Random Samples

Science  23 Feb 2007:
Vol. 315, Issue 5815, pp. 1059

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  1. NETWATCH: On The Hoof

    What does a dromedary camel loping across a sand dune have in common with a Lippizaner stallion high-stepping around a ring and a rhinoceros luxuriating in a mud puddle? They are all ungulates, mammals that typically sport the overgrown toenails known as hooves. To learn more about the group or individual species, drop by the Ultimate Ungulate page from Brent Huffman, a keeper at the Toronto Zoo in Canada.

    Introductory pages summarize some of the surprises from recent molecular studies on mammalian evolution, which distanced the ungulates from elephants and aardvarks, long thought to be their next of kin. Hoofed animals are actually more closely related to bats. Species accounts cover most of the more than 250 ungulates, offering details on the animals' diet, habitat, behavior, and range.



    Fifteen bird species have been newly discovered by a DNA identification technique called bar coding, researchers reported online 19 February in Molecular Ecology Notes. They've also uncovered six new bat species in bat-rich Guyana.


    The Barcode of Life project seeks to determine the DNA sequence of the same mitochondrial gene in millions of Earth's fauna. The variations in the sequence provide a unique, easy-to-read species identifier, scientists say.

    Until now, bar coding hadn't been tested in either mammals or widespread bird populations. For the bird probe, evolutionary biologist Paul Hebert of the University of Guelph in Canada and colleagues cataloged DNA from 2500 specimens supplied by museums and bird banders in the United States and Canada. The samples represent 643 of the 690 known North America-based species. Bar codes supplied some surprises, revealing 15 “cryptic” species: birds so similar to other birds that they had not been seen as distinct. What's more, eight supposed gull species turned out to be just one, and birds from 14 other supposed species were virtually identical to at least one other species.

    In the mammalian end of the project, Hebert's team turned to Guyana, taking tissue samples from 840 bat specimens in the Royal Ontario Museum. There was concern that the species would be too closely related to reveal genetic differences. Yet the researchers easily distinguished the 80 or so species in the collection and discerned several new ones, Hebert says. Such studies have the potential to “break bar coding” by proving to skeptics that species can't always be distinguished on the basis of just one gene, says project member Mark Stoeckle of Rockefeller University in New York City. “But it's worked everywhere it's been applied.”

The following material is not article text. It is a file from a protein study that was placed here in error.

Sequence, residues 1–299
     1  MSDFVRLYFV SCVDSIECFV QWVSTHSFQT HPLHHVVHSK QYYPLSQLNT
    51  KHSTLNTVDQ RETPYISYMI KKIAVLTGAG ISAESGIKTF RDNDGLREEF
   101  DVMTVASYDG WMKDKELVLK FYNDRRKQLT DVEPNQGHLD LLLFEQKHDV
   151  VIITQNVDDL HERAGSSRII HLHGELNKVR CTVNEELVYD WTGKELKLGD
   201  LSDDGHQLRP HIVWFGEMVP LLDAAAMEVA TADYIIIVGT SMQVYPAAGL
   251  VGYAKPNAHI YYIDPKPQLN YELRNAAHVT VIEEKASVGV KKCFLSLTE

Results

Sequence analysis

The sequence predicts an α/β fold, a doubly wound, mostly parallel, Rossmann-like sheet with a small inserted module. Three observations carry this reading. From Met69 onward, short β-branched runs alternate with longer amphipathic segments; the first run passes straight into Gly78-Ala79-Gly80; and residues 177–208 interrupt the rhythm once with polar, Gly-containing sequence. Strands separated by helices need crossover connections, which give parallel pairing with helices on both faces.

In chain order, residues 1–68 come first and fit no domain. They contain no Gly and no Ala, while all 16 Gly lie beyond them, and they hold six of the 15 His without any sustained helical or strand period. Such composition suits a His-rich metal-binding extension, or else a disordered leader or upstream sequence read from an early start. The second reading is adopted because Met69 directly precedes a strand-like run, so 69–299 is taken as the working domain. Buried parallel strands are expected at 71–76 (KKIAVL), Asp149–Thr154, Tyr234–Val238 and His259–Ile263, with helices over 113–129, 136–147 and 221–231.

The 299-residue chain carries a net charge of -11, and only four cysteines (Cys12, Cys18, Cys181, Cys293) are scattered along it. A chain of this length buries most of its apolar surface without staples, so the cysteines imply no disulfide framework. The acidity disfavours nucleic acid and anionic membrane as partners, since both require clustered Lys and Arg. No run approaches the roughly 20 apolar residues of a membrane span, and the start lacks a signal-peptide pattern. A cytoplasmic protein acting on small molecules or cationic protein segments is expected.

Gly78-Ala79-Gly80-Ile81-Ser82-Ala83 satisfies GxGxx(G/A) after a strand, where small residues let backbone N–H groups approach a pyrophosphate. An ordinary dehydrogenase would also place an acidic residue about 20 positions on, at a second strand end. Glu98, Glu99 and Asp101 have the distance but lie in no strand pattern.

As genomic information piles up at an exponential rate, sorting through it all has become overwhelming. In the hopes that with enough eyes, breakthroughs will materialize, the Swiss drug company Novartis has helped create a free and open database on the genetics of type 2 diabetes.

    Posted at www.broad.mit.edu/diabetes, the Diabetes Genetics Initiative is a collaboration between Novartis, the Broad Institute of the Massachusetts Institute of Technology and Harvard University, and Lund University in Sweden. Launched in 2004 and completed last week, it contains information on the genomes of 1500 people with diabetes and 1500 without in Sweden and Finland.

    Alan Shuldiner, an endocrinologist and geneticist at the University of Maryland School of Medicine in Baltimore, suspects that the Novartis collaboration is “proactively providing their data in anticipation that others will do the same.” A dozen teams are working along the same lines with different populations, from the Pima Indians in Arizona to Massachusetts residents in the Framingham Heart Study.



    Lloyd Levine doesn't intend the “How Many Legislators Does It Take to Change a Light Bulb Act” of 2007 as a joke. The California assemblyman, a Democrat, is preparing a bill that would effectively ban the sale of household incandescent bulbs in the state by 2012. Compact fluorescents, called twisties by some, are cheaper and more energy-efficient, he says.

    The Levine ban “is probably the most aggressive proposal we've heard to date,” says R. Neal Elliot of the nonprofit American Council for an Energy-Efficient Economy. Elliot says compact fluorescents are a green “no-brainer” because they use less electricity—and thus reduce carbon emissions—and with life spans of up to 8 years, they last more than long enough to recoup their high initial cost. John Geesman of the California Energy Commission says he thinks the proposal might fly if it exempts certain fixtures, such as the lights inside microwave ovens, for which there aren't effective substitutes.